So there you are, running around with your little brother playing like kids do. You know the deal, running around, climbing on stuff, and of course breaking legs. Thus your adventure begins. With your little brother and his broken leg, you must trudge on solving puzzles to get… home? Why don’t we just run to the left? Well, that’s because it’s a game and you know what? There’s no adventure to the left so onward towards towards the right for adventure and probable doom!
Monochroma is set in a world with only three colors: black, white and red (technically grey too as my wife pointed out). That choice does bring back memories of Limbo, but the people over at Nowhere Studios have created a story and atmosphere in Monochroma that easily separates the two games. You start out just trying to, I assume, get home and that turns into unraveling the secrets of the corporation that has injected itself into everyone’s lives with their invention of these ever so helpful robots.
The controls are basically WASD. This wouldn’t have been brought up, but as simple as the controls are, they don’t seem to be as accurate as they should be. Sometimes you’ll jump just a little too far or short. Or you should have grabbed a ledge when you jumped or you shouldn’t have climbed that ledge that you just jumped to. How do you grab a ledge without climbing it? Argh! Then there’s the final “platform puzzle” thingy. I can’t really go into it without spoilers, but I know what I need to do. However, I’ve spent more than an hour on it alone. Something is just off with the controls, but didn’t completely show itself until that last scene. (If anyone completed it in one go, I kind of want to know, but I’ll probably hold a grudge against you.)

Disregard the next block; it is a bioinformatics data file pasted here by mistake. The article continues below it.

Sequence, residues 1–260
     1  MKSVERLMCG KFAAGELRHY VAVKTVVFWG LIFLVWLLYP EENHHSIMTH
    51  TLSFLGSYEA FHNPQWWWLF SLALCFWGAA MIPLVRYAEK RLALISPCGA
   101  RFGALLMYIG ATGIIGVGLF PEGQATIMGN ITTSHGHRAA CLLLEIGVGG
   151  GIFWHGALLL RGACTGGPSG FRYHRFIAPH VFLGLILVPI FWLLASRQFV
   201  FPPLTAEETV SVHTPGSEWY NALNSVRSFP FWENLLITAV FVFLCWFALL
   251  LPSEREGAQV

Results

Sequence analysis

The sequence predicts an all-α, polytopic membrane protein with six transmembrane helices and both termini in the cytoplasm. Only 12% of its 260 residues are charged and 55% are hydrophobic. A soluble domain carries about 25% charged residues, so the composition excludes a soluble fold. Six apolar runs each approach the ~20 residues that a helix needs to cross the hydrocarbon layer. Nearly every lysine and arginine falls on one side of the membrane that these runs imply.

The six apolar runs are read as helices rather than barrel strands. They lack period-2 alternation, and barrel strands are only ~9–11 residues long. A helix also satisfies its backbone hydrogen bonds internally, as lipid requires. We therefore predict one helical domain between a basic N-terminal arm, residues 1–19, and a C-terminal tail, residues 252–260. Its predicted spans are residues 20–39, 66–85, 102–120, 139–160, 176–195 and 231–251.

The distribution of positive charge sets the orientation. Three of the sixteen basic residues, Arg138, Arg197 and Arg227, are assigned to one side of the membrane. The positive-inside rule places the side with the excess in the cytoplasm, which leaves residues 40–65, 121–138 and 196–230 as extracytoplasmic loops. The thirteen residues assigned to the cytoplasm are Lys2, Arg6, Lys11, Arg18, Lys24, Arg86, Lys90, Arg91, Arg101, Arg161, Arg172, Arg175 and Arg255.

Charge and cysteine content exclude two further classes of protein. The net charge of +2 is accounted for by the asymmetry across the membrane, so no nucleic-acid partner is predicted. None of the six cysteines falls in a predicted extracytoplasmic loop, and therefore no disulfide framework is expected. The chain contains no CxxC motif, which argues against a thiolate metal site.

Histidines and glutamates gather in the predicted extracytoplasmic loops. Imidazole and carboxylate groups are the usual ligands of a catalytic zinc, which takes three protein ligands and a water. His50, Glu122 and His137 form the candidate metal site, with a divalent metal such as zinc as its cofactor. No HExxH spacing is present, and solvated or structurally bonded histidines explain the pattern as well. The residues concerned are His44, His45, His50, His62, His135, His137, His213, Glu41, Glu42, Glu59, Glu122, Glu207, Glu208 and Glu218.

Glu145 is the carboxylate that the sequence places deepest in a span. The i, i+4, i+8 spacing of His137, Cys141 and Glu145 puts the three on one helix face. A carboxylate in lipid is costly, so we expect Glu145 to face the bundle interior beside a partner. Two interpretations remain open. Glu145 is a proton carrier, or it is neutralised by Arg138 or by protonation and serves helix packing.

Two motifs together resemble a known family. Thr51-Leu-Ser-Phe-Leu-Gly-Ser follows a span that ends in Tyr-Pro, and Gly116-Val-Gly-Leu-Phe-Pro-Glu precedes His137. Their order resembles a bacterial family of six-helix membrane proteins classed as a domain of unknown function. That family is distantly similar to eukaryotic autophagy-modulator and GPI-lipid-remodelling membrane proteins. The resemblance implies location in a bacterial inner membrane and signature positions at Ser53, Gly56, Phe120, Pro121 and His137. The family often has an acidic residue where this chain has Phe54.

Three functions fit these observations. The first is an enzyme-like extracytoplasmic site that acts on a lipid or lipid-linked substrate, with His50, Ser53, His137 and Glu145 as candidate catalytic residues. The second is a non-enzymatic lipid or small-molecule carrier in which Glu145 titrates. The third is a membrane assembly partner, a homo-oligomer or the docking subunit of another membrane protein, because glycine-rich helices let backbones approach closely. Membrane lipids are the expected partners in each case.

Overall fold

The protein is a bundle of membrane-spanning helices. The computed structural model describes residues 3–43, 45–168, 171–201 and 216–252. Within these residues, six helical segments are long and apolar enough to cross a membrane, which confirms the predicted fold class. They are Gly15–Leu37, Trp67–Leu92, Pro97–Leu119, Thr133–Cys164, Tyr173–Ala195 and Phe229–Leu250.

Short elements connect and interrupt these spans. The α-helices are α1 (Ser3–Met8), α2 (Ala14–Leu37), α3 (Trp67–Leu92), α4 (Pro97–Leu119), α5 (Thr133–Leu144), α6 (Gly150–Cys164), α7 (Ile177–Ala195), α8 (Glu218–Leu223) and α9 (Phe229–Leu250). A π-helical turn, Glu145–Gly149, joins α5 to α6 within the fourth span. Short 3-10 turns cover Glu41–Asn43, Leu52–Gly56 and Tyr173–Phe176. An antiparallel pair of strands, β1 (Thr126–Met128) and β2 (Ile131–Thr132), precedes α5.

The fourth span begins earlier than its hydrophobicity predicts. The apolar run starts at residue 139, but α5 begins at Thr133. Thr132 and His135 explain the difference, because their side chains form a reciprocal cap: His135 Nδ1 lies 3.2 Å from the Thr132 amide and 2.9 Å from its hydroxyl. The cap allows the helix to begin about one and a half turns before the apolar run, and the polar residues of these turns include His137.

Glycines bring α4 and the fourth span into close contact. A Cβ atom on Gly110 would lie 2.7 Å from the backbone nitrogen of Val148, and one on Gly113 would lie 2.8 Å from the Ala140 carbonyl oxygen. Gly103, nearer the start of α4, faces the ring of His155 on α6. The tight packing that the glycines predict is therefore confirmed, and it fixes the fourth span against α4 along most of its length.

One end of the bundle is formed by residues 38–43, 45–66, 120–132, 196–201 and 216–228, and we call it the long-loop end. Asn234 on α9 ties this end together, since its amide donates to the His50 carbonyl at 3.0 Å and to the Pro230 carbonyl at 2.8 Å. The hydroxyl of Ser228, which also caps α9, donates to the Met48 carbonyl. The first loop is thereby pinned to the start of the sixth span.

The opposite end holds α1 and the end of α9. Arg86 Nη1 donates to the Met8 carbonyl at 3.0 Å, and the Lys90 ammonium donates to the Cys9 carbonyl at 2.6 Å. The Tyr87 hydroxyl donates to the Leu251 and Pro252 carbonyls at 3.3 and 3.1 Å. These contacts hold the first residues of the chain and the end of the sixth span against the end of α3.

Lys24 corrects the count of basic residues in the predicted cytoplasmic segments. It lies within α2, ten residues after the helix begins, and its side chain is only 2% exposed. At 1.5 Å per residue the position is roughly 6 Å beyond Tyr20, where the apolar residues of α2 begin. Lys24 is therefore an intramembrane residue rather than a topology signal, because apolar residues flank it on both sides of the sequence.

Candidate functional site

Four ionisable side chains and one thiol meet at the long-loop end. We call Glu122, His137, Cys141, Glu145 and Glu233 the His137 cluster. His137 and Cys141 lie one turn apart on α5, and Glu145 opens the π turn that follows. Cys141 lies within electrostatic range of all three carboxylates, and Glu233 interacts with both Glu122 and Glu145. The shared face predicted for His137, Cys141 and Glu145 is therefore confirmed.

I’ve got to bring up the story and atmosphere one more time though. The game is so well designed that it’s a joy to go through it all. They’ve even got hidden items to find throughout the game. Some of them are obvious while others they’ve hidden very well. I’m still three red flowers short. The story isn’t explicitly stated, but more unfolded as you continue on. You encounter a bruiser of a man that tries to capture you and your kid brother. The game later hints at the reasons, but never straight explains it and my wife and I came to two different opinions onto what the antagonist is up too, but they are along the same vein. Leaving the story to be told like that is a bold decision, but a well played one as it lets the imagination go on a rampage if you’ll let it.